Follow the music to the middle of an industrial block and you’ll find an unlikely pebbled courtyard, with metal chairs and tables, shaded by a few large trees. People are on dates, or working on laptops, sipping coffee or beer or a black manhattan, all depending on the time of day. Public Records is a bar/café, record store, and music venue, with a killer sound system in each, but it all seems like one cohesive space designed to make you feel a bit cooler and more creative than when you first walked in. 233 Butler Street —K. S.
& Sons is almost stubborn in the singularity of its vision—that American ham is every bit as worthwhile as the more globally revered prosciuttos and pata negras. Yes, it is a wine-and-American-ham bar. Co-owner André Hueston Mack is one of the best sommeliers of his generation and the first African American to win the title of Best Young Sommelier in America. The wine list is also all American and full of exquisite vintages. The result is a twenty-person cocktail hour with a seriously consummate host. 447 Rogers Avenue —S. S.
Rarely does a wine bar successfully mix casual comfort with a nerdy passion for fermented grapes and a bumping soundtrack. But Graft, the uptown Charleston wineshop-meets-bar by Femi Oyediran and Miles White, achieves that righteous blend. All the good vibes are here, inspired by Man Night, a living-room hang the buddies hosted with their friends. You can jam to Talking Heads while chatting with the co-owners about their favorite big, bad Sangiovese. 700 King Street, Suite B —Osayi Endolyn
If tiki bars are fantasy, then the Bamboo Room, tucked within Three Dots and a Dash, is the fantasy within the fantasy—a rarefied, rum-fueled fever dream presided over by barman Kevin Beary. When you order a daiquiri, a coupe filled with shaved ice arrives and in goes the cocktail, dissolving the fluff like magic. All nights should end with a meander through a rum list of funky finds. 435 North Clark Street —K. S.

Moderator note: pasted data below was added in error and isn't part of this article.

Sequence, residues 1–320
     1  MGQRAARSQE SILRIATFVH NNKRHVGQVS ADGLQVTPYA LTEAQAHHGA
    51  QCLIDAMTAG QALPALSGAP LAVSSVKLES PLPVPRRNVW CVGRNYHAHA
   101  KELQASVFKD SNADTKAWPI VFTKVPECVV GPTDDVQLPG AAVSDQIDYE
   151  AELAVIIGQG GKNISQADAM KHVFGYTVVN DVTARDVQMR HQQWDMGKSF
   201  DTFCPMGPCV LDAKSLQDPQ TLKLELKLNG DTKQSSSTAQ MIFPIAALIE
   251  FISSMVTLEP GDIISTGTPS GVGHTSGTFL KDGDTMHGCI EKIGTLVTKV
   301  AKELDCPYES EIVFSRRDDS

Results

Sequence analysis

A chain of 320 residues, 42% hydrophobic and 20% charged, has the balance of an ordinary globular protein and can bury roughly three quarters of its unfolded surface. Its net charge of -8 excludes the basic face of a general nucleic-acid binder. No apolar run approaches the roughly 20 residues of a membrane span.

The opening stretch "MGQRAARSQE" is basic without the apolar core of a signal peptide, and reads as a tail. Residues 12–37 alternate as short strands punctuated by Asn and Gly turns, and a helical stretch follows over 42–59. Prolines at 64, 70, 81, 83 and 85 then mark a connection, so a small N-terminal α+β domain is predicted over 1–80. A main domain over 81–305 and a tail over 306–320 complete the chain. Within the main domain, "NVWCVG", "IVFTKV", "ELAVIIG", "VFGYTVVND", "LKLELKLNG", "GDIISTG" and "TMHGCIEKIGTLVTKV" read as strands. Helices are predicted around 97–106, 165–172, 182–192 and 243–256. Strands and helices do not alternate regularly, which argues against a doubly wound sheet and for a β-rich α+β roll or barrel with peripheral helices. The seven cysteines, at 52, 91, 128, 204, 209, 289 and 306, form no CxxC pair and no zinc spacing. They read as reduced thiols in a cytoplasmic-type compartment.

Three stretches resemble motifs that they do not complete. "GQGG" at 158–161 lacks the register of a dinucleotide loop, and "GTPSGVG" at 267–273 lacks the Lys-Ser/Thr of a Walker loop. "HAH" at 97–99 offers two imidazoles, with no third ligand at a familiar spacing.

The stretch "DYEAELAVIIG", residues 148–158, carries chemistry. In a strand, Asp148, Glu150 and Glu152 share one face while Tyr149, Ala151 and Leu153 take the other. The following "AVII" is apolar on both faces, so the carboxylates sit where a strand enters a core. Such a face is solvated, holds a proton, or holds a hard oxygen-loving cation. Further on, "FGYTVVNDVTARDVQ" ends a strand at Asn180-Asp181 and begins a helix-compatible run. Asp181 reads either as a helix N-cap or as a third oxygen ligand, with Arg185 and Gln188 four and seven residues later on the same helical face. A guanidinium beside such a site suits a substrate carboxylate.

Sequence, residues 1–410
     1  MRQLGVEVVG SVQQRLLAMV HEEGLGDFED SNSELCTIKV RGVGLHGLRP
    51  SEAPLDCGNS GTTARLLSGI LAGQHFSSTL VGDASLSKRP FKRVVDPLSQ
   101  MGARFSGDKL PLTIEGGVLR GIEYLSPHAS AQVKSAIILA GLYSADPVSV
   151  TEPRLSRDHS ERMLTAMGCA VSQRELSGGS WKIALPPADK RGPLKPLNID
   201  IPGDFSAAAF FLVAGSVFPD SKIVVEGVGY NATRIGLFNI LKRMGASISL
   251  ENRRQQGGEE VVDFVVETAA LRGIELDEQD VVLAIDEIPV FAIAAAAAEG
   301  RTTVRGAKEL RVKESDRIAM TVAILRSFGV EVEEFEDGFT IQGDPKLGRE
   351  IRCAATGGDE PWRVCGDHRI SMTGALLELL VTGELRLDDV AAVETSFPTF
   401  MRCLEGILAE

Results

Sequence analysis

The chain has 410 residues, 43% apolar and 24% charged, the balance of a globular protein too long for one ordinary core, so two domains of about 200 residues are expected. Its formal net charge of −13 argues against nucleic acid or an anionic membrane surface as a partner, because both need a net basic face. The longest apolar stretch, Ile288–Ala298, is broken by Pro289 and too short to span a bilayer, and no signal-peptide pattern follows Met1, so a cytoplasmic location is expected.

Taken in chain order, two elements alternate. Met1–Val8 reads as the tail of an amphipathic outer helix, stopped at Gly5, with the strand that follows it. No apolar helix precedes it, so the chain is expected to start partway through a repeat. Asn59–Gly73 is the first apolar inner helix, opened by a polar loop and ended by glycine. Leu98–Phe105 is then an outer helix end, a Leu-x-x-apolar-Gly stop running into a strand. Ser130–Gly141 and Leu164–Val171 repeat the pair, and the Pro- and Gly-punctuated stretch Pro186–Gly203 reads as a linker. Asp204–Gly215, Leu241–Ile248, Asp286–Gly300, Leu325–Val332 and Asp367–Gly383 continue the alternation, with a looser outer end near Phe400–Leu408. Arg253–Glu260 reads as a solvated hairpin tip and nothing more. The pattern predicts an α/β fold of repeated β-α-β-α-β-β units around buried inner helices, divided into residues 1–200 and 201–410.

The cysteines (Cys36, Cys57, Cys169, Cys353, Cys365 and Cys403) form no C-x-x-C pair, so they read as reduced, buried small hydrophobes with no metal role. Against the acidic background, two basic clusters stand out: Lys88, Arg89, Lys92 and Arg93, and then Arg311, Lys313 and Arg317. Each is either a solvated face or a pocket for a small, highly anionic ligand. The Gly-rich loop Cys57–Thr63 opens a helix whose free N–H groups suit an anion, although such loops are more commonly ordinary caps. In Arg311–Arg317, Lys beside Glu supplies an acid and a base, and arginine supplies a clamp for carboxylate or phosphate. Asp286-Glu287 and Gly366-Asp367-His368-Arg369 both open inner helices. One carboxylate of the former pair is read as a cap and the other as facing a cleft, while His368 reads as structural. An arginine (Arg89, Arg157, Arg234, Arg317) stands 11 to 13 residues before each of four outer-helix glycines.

To drink at Kumiko is to witness a personal journey into bartender Julia Momose’s Japanese heritage. One cocktail explores the Japanese purple sweet potato; another is a nod to curry rice. All are revelatory, but none so much as the spirit-free drinks like the umeboshi swizzle and the coconut fizz, a light take on the Piña Colada—you won’t miss the booze. 630 West Lake Street —K. S.
The very existence of a bar devoted to vodka feels like a rebuke to all the bartenders who’ve scoffed at the spirit. But this Cincy spot takes the defiance a step further, offering shots of vodka infused with (among other things) mangoes, peanut brittle, and supermarket candy. (Don’t worry, purists. There’s also beet and horseradish.) You could say the bar started as a window. Owner Sarah Dworak first made her mark selling handmade pierogies out of an actual hole in the wall, and that enterprise expanded into Wódka Bar, whose food menu abounds with comforting Eastern European drinking snacks like kielbasa and smoked herring. The vodka menu (no surprise) ventures far and wide, allowing you plenty of leeway to compare and contrast bottles from Poland and Ukraine and Ireland and Brazil. 1200 Main Street —Jeff Gordinier